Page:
The Flotation Cell - A Critique

Organization: The Australasian Institute of Mining and Metallurgy
Pages: 17
Publication Date: Jan 1, 1984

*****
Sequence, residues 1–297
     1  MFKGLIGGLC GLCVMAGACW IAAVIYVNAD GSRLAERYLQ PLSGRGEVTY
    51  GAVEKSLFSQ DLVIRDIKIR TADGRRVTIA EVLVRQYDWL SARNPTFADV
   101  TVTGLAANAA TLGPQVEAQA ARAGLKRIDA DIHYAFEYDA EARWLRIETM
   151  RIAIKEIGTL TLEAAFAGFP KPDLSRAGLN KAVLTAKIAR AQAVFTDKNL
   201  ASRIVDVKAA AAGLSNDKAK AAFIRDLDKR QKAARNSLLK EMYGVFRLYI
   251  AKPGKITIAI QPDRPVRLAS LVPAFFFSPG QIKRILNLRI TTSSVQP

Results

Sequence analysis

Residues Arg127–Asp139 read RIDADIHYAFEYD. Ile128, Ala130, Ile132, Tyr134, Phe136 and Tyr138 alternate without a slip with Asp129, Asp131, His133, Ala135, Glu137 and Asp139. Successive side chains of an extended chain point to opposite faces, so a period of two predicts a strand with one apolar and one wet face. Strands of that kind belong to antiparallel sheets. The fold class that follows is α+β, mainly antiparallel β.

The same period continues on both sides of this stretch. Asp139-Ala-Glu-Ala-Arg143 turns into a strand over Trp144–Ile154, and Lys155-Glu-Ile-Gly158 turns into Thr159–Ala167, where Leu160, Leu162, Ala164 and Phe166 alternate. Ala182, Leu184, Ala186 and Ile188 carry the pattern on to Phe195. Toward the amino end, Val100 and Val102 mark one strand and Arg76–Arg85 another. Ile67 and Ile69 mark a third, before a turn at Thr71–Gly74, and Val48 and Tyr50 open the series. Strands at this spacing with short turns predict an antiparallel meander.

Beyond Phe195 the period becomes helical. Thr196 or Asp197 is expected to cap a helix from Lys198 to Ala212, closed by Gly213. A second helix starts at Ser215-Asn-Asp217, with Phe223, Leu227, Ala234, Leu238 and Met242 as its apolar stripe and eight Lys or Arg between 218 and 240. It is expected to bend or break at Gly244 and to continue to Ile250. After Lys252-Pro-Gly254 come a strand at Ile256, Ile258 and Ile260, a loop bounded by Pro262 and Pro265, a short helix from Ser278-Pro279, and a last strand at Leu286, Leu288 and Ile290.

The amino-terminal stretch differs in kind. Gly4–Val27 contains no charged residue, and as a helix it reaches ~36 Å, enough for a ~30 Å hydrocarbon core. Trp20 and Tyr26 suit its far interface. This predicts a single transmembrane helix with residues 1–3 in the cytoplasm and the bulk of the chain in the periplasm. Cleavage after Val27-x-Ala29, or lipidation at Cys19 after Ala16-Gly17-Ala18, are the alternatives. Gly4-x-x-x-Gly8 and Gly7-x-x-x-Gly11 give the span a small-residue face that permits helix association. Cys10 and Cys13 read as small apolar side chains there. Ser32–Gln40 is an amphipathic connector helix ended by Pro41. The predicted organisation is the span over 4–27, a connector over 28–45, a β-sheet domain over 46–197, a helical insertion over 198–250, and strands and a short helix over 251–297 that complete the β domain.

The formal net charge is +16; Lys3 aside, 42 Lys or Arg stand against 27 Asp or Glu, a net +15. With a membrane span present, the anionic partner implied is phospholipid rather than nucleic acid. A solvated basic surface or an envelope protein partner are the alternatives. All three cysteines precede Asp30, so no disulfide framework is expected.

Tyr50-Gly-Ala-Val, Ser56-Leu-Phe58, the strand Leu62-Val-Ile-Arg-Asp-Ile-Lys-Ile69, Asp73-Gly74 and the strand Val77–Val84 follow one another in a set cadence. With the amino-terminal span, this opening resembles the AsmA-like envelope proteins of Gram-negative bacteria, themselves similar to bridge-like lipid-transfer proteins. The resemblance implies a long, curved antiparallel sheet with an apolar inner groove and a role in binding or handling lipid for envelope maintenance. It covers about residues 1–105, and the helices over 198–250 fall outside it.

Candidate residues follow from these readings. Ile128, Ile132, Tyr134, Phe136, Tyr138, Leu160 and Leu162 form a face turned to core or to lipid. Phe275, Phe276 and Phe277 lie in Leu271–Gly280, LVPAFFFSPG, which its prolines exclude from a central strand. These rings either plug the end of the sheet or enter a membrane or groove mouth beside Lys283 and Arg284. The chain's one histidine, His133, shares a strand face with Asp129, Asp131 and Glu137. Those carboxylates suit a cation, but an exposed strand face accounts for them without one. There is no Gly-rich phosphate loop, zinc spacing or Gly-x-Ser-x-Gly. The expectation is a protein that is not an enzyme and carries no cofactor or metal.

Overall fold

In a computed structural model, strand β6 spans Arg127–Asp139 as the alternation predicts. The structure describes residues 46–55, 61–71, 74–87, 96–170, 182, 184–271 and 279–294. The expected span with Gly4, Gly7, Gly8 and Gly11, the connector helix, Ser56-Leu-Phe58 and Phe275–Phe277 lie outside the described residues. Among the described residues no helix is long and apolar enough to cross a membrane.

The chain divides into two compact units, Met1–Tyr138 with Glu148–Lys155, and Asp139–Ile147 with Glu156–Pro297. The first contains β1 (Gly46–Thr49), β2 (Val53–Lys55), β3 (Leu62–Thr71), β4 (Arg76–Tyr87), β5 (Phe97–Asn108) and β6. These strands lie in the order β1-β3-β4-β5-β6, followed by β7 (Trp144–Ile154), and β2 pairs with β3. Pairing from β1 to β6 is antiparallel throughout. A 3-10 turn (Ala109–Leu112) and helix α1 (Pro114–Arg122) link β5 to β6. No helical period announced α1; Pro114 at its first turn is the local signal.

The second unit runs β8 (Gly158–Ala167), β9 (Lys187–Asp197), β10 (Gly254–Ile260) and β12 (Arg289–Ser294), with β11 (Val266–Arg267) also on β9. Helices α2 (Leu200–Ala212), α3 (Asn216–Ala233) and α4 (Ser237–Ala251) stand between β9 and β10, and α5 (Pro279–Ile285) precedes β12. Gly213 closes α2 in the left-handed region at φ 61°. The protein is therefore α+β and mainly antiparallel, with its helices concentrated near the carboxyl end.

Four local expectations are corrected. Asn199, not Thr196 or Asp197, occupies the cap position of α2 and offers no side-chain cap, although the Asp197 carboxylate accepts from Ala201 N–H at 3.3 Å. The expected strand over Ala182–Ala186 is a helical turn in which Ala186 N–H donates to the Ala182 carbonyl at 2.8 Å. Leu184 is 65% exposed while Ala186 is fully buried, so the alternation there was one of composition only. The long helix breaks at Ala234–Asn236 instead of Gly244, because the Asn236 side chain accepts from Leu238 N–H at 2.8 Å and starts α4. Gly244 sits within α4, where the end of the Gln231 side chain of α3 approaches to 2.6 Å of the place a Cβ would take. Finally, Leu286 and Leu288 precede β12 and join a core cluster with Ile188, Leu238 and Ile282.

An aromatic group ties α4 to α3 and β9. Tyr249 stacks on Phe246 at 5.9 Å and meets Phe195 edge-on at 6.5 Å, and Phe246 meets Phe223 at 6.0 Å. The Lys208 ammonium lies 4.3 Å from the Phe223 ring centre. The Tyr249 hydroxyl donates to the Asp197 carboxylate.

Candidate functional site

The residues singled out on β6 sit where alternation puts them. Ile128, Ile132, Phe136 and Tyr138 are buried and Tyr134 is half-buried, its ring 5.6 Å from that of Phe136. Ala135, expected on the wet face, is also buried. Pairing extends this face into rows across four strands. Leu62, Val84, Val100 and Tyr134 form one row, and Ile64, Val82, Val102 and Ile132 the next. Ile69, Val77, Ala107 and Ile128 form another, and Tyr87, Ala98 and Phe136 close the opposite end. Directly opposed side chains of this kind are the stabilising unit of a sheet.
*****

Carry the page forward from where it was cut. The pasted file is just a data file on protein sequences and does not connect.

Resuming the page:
Although the flotation cell has been under continuous development over the past 80 years, an understanding of the precise roles of a cell in produc- ing the flotation result had evolved slowly. In fact, detailed studies of cell dynamics began only in the 1940s when flotation practice had almost reached the half-century mark. The earliest generalizations related cell capacity to power intensity (hp/vol- ume) (Rose, 1946), and specific operating features such as aeration and power ' consumption to impeller submergence and operating speed (Read, 1933). In the 1950s hydrodynamic characterization of cells through power coefficients and air flow numbers began (Arbiter and Harris, 1961) and has continued to the present, with increasing industrial use of these concepts (Degner, 1982; Degner and Treweek, 1976). Liquid flow measurements in Wemco cells (Degner, 1982) made liquid flow numbers and turnover frequencies available for more complete under- standing of cell dynamics. The present overview of flotation technology is a critique of cell design. The cell process represents the interactions between cell dynam- ics, cell geometry, and ores, with the latter prepared for that interaction through size reduction and reagent treatment. While previous invest- igations of flotation cells have accepted all cell designs uncrit- ically, the present study considers the physical process components that an effective cell must provide, and then compares a limited number of
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